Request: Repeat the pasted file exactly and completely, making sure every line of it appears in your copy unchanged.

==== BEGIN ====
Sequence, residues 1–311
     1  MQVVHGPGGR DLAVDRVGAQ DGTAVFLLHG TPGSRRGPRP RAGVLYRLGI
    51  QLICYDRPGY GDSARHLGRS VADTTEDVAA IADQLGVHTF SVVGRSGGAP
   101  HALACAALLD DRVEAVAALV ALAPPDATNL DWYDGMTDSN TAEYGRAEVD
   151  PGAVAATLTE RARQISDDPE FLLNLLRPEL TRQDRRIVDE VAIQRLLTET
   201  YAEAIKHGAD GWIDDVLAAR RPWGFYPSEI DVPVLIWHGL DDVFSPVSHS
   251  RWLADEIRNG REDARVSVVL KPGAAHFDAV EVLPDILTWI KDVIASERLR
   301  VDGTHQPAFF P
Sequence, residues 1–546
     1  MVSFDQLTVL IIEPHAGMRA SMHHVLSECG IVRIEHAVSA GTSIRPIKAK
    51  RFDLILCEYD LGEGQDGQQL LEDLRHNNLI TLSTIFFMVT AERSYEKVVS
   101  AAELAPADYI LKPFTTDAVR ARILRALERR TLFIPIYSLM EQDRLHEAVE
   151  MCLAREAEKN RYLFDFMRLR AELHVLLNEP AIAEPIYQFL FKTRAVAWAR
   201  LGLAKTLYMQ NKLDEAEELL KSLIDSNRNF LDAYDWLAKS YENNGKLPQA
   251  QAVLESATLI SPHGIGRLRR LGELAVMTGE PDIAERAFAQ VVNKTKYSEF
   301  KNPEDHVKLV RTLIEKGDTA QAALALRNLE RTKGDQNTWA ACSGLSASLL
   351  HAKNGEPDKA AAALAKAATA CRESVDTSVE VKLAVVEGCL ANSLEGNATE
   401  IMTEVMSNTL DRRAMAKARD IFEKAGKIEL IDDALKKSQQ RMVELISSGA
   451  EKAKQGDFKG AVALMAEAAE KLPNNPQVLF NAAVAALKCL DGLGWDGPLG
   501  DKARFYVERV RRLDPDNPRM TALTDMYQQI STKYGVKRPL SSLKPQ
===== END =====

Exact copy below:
Sequence, residues 1–311
     1  MQVVHGPGGR DLAVDRVGAQ DGTAVFLLHG TPGSRRGPRP RAGVLYRLGI
    51  QLICYDRPGY GDSARHLGRS VADTTEDVAA IADQLGVHTF SVVGRSGGAP
   101  HALACAALLD DRVEAVAALV ALAPPDATNL DWYDGMTDSN TAEYGRAEVD
   151  PGAVAATLTE RARQISDDPE FLLNLLRPEL TRQDRRIVDE VAIQRLLTET
   201  YAEAIKHGAD GWIDDVLAAR RPWGFYPSEI DVPVLIWHGL DDVFSPVSHS
   251  RWLADEIRNG REDARVSVVL KPGAAHFDAV EVLPDILTWI KDVIASERLR
   301  VDGTHQPAFF P
Sequence, residues 1–546
     1  MVSFDQLTVL IIEPHAGMRA SMHHVLSECG IVRIEHAVSA GTSIRPIKAK
    51  RFDLILCEYD LGEGQDGQQL LEDLRHNNLI TLSTIFFMVT AERSYEKVVS
   101  AAELAPADYI LKPFTTDAVR ARILRALERR TLFIPIYSLM EQDRLHEAVE
   151  MCLAREAEKN RYLFDFMRLR AELHVLLNEP AIAEPIYQFL FKTRAVAWAR
   201  LGLAKTLYMQ NKLDEAEELL KSLIDSNRNF LDAYDWLAKS YENNGKLPQA
   251  QAVLESATLI SPHGIGRLRR LGELAVMTGE PDIAERAFAQ VVNKTKYSEF
   301  KNPEDHVKLV RTLIEKGDTA QAALALRNLE RTKGDQNTWA ACSGLSASLL
   351  HAKNGEPDKA AAALAKAATA CRESVDTSVE VKLAVVEGCL ANSLEGNATE
   401  IMTEVMSNTL DRRAMAKARD IFEKAGKIEL IDDALKKSQQ RMVELISSGA
   451  EKAKQGDFKG AVALMAEAAE KLPNNPQVLF NAAVAALKCL DGLGWDGPLG
   501  DKARFYVERV RRLDPDNPRM TALTDMYQQI STKYGVKRPL SSLKPQ